LAW AND INTERPRETATION (THEORY,HIST.& STRUCTURE OF LAW - 2000)
This course uses the freedom of the seminar format to explore judicial opinions that deal with highly contested, charged and complex legal issues. The focus is on the competing values--jurisprudential, social, political, economic, moral, religious, philosophical, personal-- expressly or implicitly contained in a text. In the interpretation of opinions, students will explore the following questions, among others: What is the factual "picture"--the historical, the legal, the social context--of the case being decided?; what does the text "mean," in every sense that can be brought to it?; which values does the author of an opinion use to reach a decision?; does the student agree with the values used by the author, or how they are employed, to reach a decision, and if so, why?; if the student disagrees with the values used by the author, which values would the student use to reach a decision and why are the chosen values better than those used by the author? The final grade will be based on classroom participation and, primarily, on a paper.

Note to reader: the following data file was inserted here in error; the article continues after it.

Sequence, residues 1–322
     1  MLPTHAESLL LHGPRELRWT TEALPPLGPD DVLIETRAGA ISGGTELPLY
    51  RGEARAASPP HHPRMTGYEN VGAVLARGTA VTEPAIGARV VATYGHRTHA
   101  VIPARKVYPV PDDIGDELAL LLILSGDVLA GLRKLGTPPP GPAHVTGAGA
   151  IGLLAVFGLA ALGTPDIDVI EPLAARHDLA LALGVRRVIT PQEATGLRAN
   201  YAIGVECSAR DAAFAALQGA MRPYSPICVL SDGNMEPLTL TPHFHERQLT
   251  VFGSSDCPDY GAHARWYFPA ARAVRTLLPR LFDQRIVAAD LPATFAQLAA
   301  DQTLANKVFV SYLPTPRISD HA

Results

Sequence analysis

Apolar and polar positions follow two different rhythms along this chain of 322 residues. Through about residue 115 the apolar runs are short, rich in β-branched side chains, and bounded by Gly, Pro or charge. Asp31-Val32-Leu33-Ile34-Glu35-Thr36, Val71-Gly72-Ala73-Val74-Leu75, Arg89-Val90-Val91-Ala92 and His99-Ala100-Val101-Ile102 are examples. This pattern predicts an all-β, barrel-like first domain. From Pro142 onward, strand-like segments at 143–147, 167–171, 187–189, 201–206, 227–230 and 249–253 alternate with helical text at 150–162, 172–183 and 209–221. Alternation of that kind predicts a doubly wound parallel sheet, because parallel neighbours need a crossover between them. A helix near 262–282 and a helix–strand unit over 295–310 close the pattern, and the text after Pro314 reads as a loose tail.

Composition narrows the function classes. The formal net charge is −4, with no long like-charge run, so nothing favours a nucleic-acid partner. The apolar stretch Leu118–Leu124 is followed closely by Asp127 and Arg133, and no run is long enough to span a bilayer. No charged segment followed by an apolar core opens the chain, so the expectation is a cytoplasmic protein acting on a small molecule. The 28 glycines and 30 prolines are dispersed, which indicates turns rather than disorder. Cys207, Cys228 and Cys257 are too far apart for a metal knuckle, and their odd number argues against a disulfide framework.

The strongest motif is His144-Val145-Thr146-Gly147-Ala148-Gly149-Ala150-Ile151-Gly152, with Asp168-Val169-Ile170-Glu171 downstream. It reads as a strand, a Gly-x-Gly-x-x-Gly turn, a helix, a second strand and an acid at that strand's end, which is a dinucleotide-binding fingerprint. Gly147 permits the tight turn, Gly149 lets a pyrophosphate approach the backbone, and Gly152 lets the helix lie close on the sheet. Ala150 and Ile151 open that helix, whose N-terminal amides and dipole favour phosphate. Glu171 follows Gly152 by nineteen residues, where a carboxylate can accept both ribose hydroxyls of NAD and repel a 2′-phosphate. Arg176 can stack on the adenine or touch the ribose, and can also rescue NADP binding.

TORTS (TORTS - 1040)
The basic Torts course is an introduction to civil liability arising from breach of duties imposed by law, as distinguished from duties imposed by contract. The course will cover representative doctrines and theories of liability, including intentional torts, negligence and strict liability. Topics may include assault, battery, negligence, strict liability, products liability, misrepresentation, defamation and privacy. Grades are based upon a final examination.